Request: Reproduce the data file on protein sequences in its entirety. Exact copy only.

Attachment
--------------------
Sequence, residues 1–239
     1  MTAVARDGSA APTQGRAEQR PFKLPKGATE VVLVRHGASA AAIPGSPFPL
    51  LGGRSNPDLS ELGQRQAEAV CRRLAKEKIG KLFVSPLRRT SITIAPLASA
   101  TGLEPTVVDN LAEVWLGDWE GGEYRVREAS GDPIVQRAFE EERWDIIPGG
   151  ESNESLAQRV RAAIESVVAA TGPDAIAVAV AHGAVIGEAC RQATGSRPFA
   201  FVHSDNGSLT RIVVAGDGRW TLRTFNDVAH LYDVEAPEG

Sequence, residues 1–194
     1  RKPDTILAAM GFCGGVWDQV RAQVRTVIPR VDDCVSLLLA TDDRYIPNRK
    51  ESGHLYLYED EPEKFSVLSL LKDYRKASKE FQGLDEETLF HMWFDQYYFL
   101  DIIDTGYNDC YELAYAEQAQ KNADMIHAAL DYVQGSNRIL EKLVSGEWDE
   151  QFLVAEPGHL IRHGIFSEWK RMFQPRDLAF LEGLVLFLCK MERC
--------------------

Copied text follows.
Sequence, residues 1–239
     1  MTAVARDGSA APTQGRAEQR PFKLPKGATE VVLVRHGASA AAIPGSPFPL
    51  LGGRSNPDLS ELGQRQAEAV CRRLAKEKIG KLFVSPLRRT SITIAPLASA
   101  TGLEPTVVDN LAEVWLGDWE GGEYRVREAS GDPIVQRAFE EERWDIIPGG
   151  ESNESLAQRV RAAIESVVAA TGPDAIAVAV AHGAVIGEAC RQATGSRPFA
   201  FVHSDNGSLT RIVVAGDGRW TLRTFNDVAH LYDVEAPEG

Sequence, residues 1–194
     1  RKPDTILAAM GFCGGVWDQV RAQVRTVIPR VDDCVSLLLA TDDRYIPNRK
    51  ESGHLYLYED EPEKFSVLSL LKDYRKASKE FQGLDEETLF HMWFDQYYFL
   101  DIIDTGYNDC YELAYAEQAQ KNADMIHAAL DYVQGSNRIL EKLVSGEWDE
   151  QFLVAEPGHL IRHGIFSEWK RMFQPRDLAF LEGLVLFLCK MERC